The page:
Cover image for Shadows and reflections
Shadows and reflections
Hoban, Tana.
Personal Author:
First edition.
Publication Information:
New York : Greenwillow Books, [1990]

Physical Description:
1 volume (unpaged) : all color illustrations ; 21 x 26 cm
Photographs without text feature shadows and reflections of various objects, animals, and people.

Format :


Call Number
Material Type
Home Location
Central Library PIC BK. Juvenile Fiction Childrens Area-Picture Books
Clarence Library PIC. BK. Juvenile Fiction A-B-C- 1-2-3 Books
Collins Library PIC. BK. Juvenile Fiction Picture Books
Concord Library PIC. BK. Juvenile Fiction Picture Books
Orchard Park Library PIC. BK. Juvenile Fiction Picture Books
Julia Boyer Reinstein Library PIC. BK. Juvenile Fiction Open Shelf

On Order



"This imaginative, wordless book of color photographs is a visual treat, offering witty and subtle sets of images for enriching the eyes of children and adults....[A] satisfying, intriguing book."--School Library Journal.

Shadows and reflections are all around us -- under our feet, over our heads, directly in front of us. But only Tana Hoban can make us look at -- and see -- what is right before our eyes. She makes us look with our minds and hearts and imaginations -- and our surroundings are forever changed.

Author Notes

Tana Hoban was born in Philadelphia, Pennsylvania. She has also lived in Holland and England. Hoban graduated from Moore College of Art in Philadelphia in 1938, and painted in Europe as a recipient of the John Frederick Lewis Fellowship. When she returned to Philadelphia, she worked as a free-lance advertising artist and magazine illustrator. By 1950 her work was included in the permanent collection of the Museum of Modern Art in New York City, and in 1953 she was the only woman mentioned in a Time magazine portfolio on "Half a Century of U.S. Photography." In 1959 she was named one of the Top Ten Women Photographers by the Professional Photographers of America.

Hoban worked as an instructor in photography at the Annenberg School of Communications at the University of Pennsylvania from 1966 to 1968. In 1967 she produced and filmed Catsup, an award-winning film which was shown at the Venice Film Festival. By 1955, she had written a book on photographing children, and in 1970 she combined her skills as a photographer with her interest in children to produce her first juvenile picture book, Shapes and Things. In 1973, Hoban served as project photographer for Beginning Concepts, a series of sound filmstrips produced by Scholastic Magazines, Inc. From 1974 to 1976 she taught photography at New York University.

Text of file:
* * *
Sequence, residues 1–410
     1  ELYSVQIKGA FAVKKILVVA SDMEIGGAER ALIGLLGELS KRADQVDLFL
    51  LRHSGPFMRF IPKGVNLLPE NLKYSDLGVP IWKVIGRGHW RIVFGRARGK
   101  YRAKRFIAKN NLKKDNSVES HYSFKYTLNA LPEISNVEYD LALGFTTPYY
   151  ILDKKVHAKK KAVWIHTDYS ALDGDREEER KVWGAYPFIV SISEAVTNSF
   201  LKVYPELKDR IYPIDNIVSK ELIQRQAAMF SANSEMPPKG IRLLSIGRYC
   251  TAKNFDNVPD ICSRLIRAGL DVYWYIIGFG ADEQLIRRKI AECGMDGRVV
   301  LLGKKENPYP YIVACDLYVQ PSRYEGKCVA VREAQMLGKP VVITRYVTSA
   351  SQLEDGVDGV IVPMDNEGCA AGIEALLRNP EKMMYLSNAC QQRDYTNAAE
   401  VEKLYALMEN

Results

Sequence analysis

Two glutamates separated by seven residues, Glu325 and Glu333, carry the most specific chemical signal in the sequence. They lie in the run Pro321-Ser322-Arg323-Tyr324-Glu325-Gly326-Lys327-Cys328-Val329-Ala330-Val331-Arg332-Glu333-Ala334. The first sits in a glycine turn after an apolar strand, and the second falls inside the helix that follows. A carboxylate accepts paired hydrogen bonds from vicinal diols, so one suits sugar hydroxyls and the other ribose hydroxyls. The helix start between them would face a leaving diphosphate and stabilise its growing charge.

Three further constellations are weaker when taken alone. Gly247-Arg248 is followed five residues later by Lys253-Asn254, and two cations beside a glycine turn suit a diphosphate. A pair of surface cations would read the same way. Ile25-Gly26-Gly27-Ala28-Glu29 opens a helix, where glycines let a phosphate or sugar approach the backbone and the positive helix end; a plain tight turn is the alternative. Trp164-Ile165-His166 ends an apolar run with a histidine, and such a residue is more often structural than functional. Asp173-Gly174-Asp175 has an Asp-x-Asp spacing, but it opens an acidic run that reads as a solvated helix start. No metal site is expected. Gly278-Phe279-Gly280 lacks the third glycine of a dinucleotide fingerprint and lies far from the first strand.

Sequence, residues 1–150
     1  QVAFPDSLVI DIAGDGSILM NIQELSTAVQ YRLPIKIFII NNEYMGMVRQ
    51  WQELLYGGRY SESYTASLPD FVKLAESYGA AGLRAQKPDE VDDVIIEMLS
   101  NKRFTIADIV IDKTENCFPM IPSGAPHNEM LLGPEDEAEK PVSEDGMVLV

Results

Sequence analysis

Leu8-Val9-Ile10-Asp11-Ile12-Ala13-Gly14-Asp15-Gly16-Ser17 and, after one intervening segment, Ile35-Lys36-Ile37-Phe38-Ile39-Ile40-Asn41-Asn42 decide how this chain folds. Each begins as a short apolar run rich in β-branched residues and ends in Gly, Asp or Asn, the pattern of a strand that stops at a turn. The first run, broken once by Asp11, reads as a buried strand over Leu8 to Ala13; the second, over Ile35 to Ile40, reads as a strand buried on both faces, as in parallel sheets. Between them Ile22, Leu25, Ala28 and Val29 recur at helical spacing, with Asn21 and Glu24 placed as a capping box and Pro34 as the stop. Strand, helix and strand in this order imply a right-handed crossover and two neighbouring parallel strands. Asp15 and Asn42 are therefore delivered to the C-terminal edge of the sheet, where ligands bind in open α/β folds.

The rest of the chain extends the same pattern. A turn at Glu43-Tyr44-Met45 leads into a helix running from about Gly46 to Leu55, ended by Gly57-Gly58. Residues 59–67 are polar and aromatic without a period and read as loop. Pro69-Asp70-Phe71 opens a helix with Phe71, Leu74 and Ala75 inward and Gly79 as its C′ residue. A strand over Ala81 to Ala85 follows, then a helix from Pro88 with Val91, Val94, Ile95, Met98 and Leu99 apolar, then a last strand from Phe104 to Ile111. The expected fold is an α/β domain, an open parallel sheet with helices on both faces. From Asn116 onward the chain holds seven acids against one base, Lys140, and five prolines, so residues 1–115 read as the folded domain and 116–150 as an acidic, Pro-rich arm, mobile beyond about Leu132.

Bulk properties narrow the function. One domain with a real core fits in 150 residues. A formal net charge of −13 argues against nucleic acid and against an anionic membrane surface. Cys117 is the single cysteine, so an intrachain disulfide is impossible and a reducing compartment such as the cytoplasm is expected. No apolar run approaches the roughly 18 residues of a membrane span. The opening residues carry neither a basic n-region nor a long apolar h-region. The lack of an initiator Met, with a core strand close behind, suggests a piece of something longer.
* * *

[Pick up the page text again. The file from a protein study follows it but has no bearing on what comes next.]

As of 1990, five of her books had been listed as ALA Notables. She has received awards for her entire body of work three separate times. In 1991, she was awarded an Honorary Doctorate of Fine Arts from her alma mater, the Moore College of Art. Her works are included in the Kerlan Collection at the University of Minnesota and the Bibliotheque Nationale in Paris, among other collections in both the United States and France.

(Bowker Author Biography)

Reviews 2

Publisher's Weekly Review

From one of the leading creators of wordless picture books comes this elegant array of photographic images tied together by a common theme. Whether in clouds reflected in the clear glass of a skycraper, a row of flamingos mirrored in a quiet pond, or spiky shadows of beach grass against a sand dune, Hoban's clear-eyed vision of the everyday world serves as a gentle reminder of the abundance of beauty in the ordinary. A gifted photographer, Hoban sees with the eyes of a child, and zeroes in on subjects that more jaded vision often overlooks. Her book is elementary enough for very young children to enjoy, sophisticated enough for older readers and an absolute must for budding photographers. Ages 2-up. (Mar.) (c) Copyright PWxyz, LLC. All rights reserved

School Library Journal Review

Gr 1 Up-- This imaginative, wordless book of color photographs is a visual treat, offering witty and subtle sets of images for enriching the eyes of children and adults. The photographs are handsome in themselves, but the way in which they have been put together is often masterful. There is a sense of movement across many of the 14 pairs of photographs, leading readers' eyes from the picture on the right to the one on the left and up, looping through the book in an enjoyable way. The sets of images juxtaposed include objects, animals, and people reflected in mirrors, glass, metal, and water. A photograph of a bear reflected in water has the richness and texture of an abstract painting. An old apartment building reflected in panes of glass looks like a fantasy construction by Gaudi. There's more than a hint of mystery in the photographs--some pictures can't be identified, many are upside down or truncated. Yet it works well and intensifies the viewing experience. Hoban has included more examples of reflection than shadow, but readers will realize that a reflection is sometimes also a shadow. Close and repeated observation proves rewarding in this satisfying, intriguing book. --Marilyn Iarusso, New York Pub . Lib . (c) Copyright 2010. Library Journals LLC, a wholly owned subsidiary of Media Source, Inc. No redistribution permitted.

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